A second wave for mutual aid?

October 1, 2020  |  By Luca Tiratelli , Senior Policy Researcher

The rise of Mutual Aid groups was a rare positive to come out of the pandemic, seeing thousands of people coming together to help their neighbours through hardship and isolation. But as we face a second wave – will we see a similar surge in community volunteering and its positive effects? Luca Tiratelli reflects.

Back in July, NLGN published ‘Communities vs Coronavirus: The Rise of Mutual Aid’ – a rapid research response aimed at producing a ‘first draft’ of the history of a social movement. When we conducted our research, all the groups that we spoke to expressed a desire to carry on in some form or other after the initial crisis was over. So where does the movement stand now? What has happened to these groups, as we sit on the precipice of a ‘second-wave’ of the pandemic?

As anyone who is on a mutual aid Facebook group or WhatsApp chat will know, the activity of these groups declined sharply when lockdown eased. This is in many ways unsurprising. Over the summer most people’s lives – whether they were volunteers, or people who were shielding and need of support – returned to some kind of normality, and the need for these groups declined.

A small number of groups, atypical of the wider picture, have managed to formalise themselves into entities that go far beyond the typical mutual aid group, and remain active. We’ve heard stories of groups that have now created the required financial and decision-making infrastructure so that they can apply for grant funding, and expand their activities massively. This is impressive, and the groups who have managed it deserve praise. Nonetheless, the extent to which they can still be considered ‘mutual aid groups’, rather than just traditional charities – albeit with roots in a particular social movement – is an open question.

What is far more common for mutual aid groups, however, is that they now lie essentially dormant. Their activities have stopped, but the infrastructure they created remains. This is the key thing to consider when thinking about the future of this movement. Mutual aid groups created things that did not exist before. People got to know one and other, connections were made both in person and on digital platforms. Established charities and local activists networked into a much wider pool of potential volunteers, and knowledge about local assets and local needs was harvested and shared. These connections all still exist.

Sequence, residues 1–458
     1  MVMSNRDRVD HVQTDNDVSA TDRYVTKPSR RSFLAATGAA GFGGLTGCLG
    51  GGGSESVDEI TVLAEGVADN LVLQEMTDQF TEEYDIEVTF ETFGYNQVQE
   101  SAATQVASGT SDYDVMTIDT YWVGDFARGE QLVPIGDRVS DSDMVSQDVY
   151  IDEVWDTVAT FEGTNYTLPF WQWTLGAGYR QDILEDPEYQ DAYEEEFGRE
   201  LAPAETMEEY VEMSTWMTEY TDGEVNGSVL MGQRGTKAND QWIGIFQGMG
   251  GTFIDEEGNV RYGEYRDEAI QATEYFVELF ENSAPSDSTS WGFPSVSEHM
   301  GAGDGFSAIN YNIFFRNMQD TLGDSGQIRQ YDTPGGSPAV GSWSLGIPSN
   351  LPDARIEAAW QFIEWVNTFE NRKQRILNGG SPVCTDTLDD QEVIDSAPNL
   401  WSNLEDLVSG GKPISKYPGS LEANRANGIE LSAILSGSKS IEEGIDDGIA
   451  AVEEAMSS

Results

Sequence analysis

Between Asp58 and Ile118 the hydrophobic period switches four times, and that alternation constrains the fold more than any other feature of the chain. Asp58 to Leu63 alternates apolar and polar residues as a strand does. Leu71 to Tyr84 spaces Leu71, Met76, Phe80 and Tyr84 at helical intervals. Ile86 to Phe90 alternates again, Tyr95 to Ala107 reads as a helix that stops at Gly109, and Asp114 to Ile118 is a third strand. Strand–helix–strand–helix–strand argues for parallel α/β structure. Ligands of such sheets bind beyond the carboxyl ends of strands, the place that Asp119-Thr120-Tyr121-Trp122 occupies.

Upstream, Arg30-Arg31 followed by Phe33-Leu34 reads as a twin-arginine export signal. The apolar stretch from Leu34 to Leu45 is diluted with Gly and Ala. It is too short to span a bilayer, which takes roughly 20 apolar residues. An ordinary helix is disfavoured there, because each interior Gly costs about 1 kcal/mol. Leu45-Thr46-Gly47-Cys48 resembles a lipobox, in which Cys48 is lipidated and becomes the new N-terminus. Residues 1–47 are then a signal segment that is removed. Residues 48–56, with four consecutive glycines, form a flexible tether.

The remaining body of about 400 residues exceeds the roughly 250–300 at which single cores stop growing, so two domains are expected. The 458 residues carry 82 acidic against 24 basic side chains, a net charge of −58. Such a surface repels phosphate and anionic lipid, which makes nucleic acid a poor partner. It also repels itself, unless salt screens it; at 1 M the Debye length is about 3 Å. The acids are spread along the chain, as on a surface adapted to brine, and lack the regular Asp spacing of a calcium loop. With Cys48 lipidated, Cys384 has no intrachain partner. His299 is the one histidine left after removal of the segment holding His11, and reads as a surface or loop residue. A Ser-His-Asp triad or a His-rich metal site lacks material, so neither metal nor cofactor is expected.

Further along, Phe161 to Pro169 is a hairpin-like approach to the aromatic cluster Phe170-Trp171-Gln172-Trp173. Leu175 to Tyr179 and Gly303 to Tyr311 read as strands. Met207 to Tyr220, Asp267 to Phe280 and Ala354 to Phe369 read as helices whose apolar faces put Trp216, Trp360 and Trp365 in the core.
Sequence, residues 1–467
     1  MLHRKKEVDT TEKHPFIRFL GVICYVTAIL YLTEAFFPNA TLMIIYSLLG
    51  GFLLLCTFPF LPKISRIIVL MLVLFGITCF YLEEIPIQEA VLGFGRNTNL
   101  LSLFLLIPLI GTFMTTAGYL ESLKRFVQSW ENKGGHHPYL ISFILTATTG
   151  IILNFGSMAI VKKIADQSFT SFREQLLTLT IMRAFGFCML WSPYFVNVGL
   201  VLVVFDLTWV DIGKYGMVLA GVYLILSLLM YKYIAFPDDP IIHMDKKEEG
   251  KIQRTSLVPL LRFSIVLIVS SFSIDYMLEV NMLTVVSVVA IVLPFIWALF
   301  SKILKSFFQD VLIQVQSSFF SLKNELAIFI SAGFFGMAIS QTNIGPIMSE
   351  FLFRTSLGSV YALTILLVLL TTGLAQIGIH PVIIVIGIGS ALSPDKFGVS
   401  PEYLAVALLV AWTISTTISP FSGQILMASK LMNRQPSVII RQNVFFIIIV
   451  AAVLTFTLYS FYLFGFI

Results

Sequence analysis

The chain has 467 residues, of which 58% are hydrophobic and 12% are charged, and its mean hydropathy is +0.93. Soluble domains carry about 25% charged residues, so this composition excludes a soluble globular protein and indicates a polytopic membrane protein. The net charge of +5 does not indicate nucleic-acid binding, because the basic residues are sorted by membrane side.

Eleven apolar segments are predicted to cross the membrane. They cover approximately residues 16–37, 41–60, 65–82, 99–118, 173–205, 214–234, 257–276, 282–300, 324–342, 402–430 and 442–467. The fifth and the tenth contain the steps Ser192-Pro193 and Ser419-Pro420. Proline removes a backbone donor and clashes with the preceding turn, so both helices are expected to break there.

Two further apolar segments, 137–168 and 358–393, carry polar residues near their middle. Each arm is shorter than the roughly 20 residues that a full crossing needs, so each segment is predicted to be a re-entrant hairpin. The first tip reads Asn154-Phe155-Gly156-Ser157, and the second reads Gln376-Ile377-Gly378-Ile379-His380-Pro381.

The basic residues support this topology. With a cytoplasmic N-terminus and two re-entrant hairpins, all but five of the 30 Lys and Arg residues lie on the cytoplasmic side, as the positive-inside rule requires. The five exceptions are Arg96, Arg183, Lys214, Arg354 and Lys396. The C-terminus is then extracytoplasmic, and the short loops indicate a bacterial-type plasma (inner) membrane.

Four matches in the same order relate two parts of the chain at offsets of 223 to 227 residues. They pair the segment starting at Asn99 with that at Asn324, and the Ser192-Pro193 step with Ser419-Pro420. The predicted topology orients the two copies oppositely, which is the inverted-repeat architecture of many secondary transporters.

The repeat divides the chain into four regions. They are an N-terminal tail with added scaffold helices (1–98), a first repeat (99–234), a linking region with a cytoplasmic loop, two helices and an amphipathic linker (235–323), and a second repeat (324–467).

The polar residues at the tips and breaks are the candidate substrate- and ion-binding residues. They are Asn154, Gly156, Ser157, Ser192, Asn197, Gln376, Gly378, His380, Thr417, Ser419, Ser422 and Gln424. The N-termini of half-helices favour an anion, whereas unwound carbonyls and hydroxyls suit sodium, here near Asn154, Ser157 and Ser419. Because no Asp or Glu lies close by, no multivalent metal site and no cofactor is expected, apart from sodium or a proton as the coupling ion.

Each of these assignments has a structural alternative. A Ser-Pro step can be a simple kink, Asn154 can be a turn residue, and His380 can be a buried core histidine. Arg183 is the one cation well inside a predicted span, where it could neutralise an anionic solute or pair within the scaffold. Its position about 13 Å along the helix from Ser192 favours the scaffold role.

Even if the groups go quiet, none of these achievements can be easily undone. What these groups have left behind is more networked, more resilient, and more mobilised communities, with social capital and community assets of various types built from the ground up.

Exactly what will come of this is hard to say at this stage. If we are indeed about to enter a full-on second lockdown – accompanied with a furlough scheme, or similar – these groups may simply spring back into action, like an ephemeral desert plant, only this time even faster, even more efficiently and with even more precision. Despite encouragement from certain politicians to snoop and snitch on our neighbours, and media narratives about declining compliance with measures, there is no actual evidence to suggest that solidarity within communities has decreased. So given the same circumstances, expect the same results.

Alternatively, however, it may well be that if we never return to the exact circumstances of the first lockdown (in terms of restrictions or working arrangements), the groups will never return in the same form again.

But this doesn’t have to be bad news. Instead, I believe we can expect the networks, assets and connections they’ve made to be harvested by future community movements, enabling them to flourish in ways that might not have been possible previously.

In this sense, it is not what mutual aid groups are today that it is important. It is what they have built and what they have left behind that will be the true legacy of the COVID-19 mutual aid movement.